Is that a laugh? A cry? In Ben Jackel's sculpture, messages molded by deft hands
By: Christopher Knight
L.A. Times Art Critic
Ben Jackel, "TR, Teddy Roosevelt"(detail), 2017, stoneware, walnut, beeswax (L.A. Louver)
In Ben Jackel’s large exhibition of recent work at L.A. Louver, one sculpture starts with a bearded battle ax — the kind used in ancient Norse warfare, on a medieval executioner’s block or now in conventional woodworking. Then, he doubled the form.
Two monumental hooked blades, each 5 feet high and 5 feet wide, stand upright side by side. Jackel carved them from wood. Their irregular surfaces have been rubbed with a dark graphite that emphasizes the brusque chop-marks on the rough-hewn Douglas fir, now glinting in the light.
The formal repetition of the two establishes a conceptual dichotomy, while the scale asserts its gravity. The weapon embodies the type of hand tool with which the sculpture was made, enlarging it to epic size. The ax stands as an implement of death and an instrument of art — of destruction and creation in equal measure.
That it’s sculpture declares where the artist’s unequivocal commitments lie. Jackel’s is a political art of a subtle and sophisticated sort.
Except for three sleek, suspended sculptures of stealth bombers, the show’s other 22 works are stoneware — dense, opaque and visually heavy. Because fired clay is also breakable, hefty sculptures of cannons, armor and a foothold bear trap are as materially contradictory as the ax head. They’re fearsome yet fragile.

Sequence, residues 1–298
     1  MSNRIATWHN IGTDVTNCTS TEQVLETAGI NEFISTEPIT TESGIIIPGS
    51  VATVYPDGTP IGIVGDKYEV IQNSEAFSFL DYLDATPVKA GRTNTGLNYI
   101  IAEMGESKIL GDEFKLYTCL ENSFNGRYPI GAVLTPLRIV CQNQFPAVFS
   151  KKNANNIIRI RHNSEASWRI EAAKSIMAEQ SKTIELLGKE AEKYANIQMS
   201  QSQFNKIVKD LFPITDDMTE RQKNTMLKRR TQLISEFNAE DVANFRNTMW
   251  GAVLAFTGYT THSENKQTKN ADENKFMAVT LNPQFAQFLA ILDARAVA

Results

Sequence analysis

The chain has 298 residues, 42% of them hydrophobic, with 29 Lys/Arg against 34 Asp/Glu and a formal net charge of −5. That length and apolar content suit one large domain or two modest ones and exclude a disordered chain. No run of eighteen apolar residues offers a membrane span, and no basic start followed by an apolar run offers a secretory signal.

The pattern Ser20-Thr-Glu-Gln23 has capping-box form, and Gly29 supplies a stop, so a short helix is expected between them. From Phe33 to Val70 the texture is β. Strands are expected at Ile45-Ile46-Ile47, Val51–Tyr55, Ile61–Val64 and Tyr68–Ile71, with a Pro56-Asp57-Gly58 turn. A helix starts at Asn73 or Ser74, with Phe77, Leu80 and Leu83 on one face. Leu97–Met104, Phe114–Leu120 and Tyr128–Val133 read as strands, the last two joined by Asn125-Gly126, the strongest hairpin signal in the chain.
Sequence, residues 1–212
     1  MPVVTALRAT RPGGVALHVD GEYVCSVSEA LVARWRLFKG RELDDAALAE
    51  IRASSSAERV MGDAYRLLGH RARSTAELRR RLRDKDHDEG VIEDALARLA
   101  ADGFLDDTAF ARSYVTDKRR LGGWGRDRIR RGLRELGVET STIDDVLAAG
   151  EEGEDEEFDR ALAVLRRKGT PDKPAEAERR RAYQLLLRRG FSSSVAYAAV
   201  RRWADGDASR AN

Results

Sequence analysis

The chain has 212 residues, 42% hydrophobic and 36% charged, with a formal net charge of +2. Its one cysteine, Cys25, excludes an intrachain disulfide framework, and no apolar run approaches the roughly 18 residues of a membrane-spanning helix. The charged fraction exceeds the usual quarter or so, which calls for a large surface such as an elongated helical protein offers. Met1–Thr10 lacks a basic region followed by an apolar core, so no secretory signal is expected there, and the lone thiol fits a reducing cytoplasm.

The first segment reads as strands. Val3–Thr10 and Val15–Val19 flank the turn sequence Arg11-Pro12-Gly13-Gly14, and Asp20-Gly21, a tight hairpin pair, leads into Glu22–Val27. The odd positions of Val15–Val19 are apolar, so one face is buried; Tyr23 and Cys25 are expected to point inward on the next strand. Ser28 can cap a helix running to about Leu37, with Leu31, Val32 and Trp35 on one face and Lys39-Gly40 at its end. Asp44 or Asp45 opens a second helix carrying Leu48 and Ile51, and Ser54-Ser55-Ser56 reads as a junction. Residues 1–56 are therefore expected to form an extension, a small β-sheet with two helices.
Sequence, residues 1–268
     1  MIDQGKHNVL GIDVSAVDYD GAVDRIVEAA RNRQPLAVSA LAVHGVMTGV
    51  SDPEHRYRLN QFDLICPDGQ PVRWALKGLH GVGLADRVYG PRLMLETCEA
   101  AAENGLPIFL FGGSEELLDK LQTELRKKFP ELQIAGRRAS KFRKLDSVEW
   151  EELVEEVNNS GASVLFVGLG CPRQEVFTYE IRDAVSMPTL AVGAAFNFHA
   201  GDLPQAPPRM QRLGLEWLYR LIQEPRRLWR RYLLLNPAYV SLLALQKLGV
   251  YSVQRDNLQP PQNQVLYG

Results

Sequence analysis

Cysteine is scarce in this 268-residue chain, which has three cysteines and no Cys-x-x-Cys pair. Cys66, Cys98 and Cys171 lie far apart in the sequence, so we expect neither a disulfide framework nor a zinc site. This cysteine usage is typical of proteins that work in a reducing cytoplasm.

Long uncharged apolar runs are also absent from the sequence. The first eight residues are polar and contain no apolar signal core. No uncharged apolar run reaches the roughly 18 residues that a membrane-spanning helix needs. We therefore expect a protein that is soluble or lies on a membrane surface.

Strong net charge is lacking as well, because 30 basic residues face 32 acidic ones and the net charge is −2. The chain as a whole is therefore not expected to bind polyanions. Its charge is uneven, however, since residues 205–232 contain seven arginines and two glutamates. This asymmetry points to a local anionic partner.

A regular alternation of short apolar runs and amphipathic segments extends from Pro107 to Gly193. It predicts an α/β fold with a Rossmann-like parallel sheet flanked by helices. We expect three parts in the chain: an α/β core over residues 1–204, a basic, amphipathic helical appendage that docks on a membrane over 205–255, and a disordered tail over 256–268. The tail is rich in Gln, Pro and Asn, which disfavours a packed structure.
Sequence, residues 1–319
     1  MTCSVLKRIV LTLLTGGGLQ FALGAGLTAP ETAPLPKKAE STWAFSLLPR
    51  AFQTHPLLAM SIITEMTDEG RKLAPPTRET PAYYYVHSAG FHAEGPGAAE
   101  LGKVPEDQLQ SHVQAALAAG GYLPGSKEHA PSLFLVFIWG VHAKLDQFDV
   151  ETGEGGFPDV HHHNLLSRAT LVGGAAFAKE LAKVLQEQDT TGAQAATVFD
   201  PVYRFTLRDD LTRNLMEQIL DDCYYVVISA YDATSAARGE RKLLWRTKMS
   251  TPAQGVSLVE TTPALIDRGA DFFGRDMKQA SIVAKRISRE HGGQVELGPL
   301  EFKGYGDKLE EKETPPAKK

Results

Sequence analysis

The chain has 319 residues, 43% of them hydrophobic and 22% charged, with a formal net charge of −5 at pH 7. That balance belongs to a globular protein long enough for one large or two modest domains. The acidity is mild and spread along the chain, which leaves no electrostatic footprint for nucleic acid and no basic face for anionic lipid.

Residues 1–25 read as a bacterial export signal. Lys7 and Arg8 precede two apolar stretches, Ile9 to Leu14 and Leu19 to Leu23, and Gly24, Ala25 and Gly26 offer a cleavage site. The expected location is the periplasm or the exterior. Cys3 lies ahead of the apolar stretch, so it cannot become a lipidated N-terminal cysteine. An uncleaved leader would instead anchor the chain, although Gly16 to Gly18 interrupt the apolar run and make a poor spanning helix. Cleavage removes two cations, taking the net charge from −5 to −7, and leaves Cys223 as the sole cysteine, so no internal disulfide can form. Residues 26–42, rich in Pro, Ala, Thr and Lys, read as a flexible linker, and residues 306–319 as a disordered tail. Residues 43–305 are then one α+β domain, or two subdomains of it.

Ben Jackel, installation view. (Jeff McLane)
They are also exquisitely rendered, perhaps none more than a helmet with night-vision goggles.
It’s rubbed with beeswax, as are many of the other dusky stoneware pieces, which yields a soft, light-diffusing, visually tactile surface. Together with a full-size gas mask, as well as three medieval helmets with thin slits for the eyes, through which almost nothing could be seen by a warrior encased inside, the sculptures are concise, carefully crafted essays on militaristic blindness.
Eight bulky models for muzzle-loaded cannons include the famous 100-ton guns that the British mounted in the 1880s at the Rock of Gibraltar at the Mediterranean gate. (Britain’s 100-ton gun was more than 32 feet long; Jackel’s version is about 1/3 scale.) The gigantic weapons were manufactured in response to the complex geopolitics of the day — notably, the opening of the Suez Canal, which reconfigured relations between Europe and the Middle East.
Sound familiar? Their significance for today is hard to miss. Nearby, stoneware models of a lifeboat, Ernest Hemingway’s fishing vessel and Lewis & Clark’s Corps of Discovery, laden with black powder to safeguard the boats’ exploratory movements, climb a white wall. All seem destined to sink.
The show’s tour de force is an oversize bust of Teddy Roosevelt, apparently adapted from a famous laughing photograph of the equally larger-than-life president. In Jackel’s deft hands, his toothy demeanor has been altered to be more conflicted — laughing, shrieking, crying or perhaps all three at once.
Think Francis Bacon’s paintings of screaming popes grafted onto the archetypal ex-Republican, whose byword was “Bully!” and whose perplexing politics incorporated both progressive and nationalist values. The astonishing bust is an authoritative image of executive chaos — and clearly less about the past than the present.
The imposing bust is preparation for the forbidding, 7-foot monolith that stands in splendid isolation in the center of a small adjacent gallery. Modeled on an ugly black-glass skyscraper on Manhattan’s Fifth Avenue, the one that the current president calls home and where he recently delivered shocking comments on white supremacists, it is titled “Dark Tower” — like the magnum opus of horror master Stephen King.
Not subtle, but apt.